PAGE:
Event-Driven Backtesting with Python - Part III

By Michael Halls-Moore on March 14th, 2014

In the previous two articles of the series we discussed what an event-driven backtesting system is and the class hierarchy for the Event object. In this article we are going to consider how market data is utilised, both in a historical backtesting context and for live trade execution.

One of our goals with an event-driven trading system is to minimise duplication of code between the backtesting element and the live execution element. Ideally it would be optimal to utilise the same signal generation methodology and portfolio management components for both historical testing and live trading. In order for this to work the Strategy object which generates the Signals, and the Portfolio object which provides Orders based on them, must utilise an identical interface to a market feed for both historic and live running.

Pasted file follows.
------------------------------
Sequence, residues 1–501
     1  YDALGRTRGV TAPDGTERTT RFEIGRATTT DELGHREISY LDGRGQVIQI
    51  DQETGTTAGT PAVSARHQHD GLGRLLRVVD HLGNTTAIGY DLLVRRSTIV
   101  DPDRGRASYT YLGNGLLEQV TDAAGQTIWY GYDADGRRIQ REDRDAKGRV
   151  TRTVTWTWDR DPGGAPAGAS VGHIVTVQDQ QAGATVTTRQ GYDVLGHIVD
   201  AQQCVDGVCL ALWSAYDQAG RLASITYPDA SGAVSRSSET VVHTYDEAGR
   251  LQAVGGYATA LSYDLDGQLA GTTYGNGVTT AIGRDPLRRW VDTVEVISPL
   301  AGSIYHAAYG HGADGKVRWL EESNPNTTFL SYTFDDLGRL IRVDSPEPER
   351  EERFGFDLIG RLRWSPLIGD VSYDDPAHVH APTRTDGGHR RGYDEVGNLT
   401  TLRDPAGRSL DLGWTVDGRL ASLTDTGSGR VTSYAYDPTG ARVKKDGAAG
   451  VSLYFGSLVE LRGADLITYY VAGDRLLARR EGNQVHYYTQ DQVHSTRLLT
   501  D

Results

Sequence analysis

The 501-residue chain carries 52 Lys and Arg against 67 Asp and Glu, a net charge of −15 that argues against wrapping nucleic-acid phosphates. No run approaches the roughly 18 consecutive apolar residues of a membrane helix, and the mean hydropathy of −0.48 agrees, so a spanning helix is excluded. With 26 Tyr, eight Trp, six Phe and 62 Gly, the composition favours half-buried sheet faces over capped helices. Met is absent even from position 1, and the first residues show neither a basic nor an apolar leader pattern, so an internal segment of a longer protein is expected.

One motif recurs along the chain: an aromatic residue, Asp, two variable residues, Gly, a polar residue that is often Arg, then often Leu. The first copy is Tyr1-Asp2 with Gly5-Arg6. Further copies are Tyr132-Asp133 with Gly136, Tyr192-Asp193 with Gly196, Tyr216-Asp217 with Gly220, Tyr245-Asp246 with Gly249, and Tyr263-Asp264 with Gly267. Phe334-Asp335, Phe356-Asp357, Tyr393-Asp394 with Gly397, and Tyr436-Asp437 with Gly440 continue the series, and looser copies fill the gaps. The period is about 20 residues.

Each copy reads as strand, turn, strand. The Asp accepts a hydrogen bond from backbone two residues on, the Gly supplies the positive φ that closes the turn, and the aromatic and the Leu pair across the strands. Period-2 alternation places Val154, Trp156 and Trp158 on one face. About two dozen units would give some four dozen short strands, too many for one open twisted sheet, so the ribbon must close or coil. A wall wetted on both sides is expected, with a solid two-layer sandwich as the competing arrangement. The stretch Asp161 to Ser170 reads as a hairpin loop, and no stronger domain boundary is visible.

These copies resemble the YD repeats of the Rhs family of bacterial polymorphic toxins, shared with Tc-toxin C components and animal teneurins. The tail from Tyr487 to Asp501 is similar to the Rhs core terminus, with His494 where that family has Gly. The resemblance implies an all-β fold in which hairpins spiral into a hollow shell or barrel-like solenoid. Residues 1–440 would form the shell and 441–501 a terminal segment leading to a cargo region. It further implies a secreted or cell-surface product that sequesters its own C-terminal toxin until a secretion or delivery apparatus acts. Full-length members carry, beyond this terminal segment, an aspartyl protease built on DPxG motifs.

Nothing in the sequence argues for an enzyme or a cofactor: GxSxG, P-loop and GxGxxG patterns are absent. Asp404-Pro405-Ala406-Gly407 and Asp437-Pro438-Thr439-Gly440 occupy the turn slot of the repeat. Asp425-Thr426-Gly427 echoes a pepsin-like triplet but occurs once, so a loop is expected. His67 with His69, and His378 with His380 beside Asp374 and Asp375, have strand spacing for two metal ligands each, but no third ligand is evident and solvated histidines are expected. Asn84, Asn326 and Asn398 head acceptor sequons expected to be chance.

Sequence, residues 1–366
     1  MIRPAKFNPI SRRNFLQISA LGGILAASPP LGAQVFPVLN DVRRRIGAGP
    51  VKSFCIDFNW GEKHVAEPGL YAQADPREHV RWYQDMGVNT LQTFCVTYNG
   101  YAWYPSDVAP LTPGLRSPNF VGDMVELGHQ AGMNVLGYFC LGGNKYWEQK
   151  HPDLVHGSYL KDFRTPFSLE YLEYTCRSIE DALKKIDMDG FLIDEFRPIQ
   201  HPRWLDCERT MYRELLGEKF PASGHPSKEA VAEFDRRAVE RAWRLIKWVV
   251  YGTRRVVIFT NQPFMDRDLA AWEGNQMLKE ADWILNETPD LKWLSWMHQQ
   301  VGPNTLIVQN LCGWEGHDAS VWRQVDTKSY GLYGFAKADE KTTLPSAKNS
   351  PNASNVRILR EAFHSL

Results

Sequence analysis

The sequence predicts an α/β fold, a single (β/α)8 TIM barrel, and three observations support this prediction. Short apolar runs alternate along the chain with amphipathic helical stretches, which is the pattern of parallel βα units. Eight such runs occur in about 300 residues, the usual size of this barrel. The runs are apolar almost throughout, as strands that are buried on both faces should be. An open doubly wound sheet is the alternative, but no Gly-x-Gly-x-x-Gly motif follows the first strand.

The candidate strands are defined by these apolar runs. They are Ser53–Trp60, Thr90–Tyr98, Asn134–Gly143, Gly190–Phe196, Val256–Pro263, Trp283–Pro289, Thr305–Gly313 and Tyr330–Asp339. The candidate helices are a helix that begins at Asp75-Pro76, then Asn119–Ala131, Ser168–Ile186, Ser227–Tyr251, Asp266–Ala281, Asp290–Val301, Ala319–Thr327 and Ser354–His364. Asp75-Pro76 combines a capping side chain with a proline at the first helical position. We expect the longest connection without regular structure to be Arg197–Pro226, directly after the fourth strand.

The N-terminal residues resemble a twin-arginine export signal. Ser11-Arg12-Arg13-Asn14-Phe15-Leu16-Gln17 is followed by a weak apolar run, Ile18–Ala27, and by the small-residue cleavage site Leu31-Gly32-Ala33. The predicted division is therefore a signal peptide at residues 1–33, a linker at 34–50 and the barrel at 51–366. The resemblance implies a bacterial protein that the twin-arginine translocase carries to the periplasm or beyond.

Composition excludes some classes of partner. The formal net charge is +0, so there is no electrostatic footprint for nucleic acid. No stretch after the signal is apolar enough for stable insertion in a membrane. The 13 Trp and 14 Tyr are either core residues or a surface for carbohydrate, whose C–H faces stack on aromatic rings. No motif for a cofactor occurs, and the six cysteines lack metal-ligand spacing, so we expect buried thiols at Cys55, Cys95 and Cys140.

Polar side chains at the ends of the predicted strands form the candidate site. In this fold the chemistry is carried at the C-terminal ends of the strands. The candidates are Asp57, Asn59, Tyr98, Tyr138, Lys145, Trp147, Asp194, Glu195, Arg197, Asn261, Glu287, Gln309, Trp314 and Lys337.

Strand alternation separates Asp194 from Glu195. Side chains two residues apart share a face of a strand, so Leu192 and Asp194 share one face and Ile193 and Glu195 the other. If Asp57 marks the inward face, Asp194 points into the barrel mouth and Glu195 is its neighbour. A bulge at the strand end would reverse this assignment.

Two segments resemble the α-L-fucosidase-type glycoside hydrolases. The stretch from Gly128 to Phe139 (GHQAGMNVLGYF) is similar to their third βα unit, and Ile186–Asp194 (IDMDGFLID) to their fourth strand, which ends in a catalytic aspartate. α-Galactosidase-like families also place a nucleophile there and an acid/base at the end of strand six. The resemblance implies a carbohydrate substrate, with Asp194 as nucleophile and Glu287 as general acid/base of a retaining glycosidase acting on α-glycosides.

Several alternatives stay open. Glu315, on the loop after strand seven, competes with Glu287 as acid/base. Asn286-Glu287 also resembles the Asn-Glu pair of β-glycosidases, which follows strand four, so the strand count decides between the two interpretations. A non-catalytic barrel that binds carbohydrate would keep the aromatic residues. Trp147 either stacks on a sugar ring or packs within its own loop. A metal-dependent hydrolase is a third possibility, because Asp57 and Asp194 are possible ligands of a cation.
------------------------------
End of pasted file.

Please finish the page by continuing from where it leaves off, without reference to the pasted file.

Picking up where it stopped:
This motivates the concept of a class hierarchy based on a DataHandler object, which gives all subclasses an interface for providing market data to the remaining components within the system. In this way any subclass data handler can be "swapped out", without affecting strategy or portfolio calculation.

Specific example subclasses could include HistoricCSVDataHandler, QuandlDataHandler, SecuritiesMasterDataHandler, InteractiveBrokersMarketFeedDataHandler etc. In this tutorial we are only going to consider the creation of a historic CSV data handler, which will load intraday CSV data for equities in an Open-Low-High-Close-Volume-OpenInterest set of bars. This can then be used to "drip feed" on a bar-by-bar basis the data into the Strategy and Portfolio classes on every heartbeat of the system, thus avoiding lookahead bias.

The first task is to import the necessary libraries. Specifically we are going to import pandas and the abstract base class tools. Since the DataHandler generates MarketEvents we also need to import event.py as described in the previous tutorial:

# data.py

import datetime
import os, os.path
import pandas as pd

from abc import ABCMeta, abstractmethod

from event import MarketEvent

The DataHandler is an abstract base class (ABC), which means that it is impossible to instantiate an instance directly. Only subclasses may be instantiated. The rationale for this is that the ABC provides an interface that all subsequent DataHandler subclasses must adhere to thereby ensuring compatibility with other classes that communicate with them.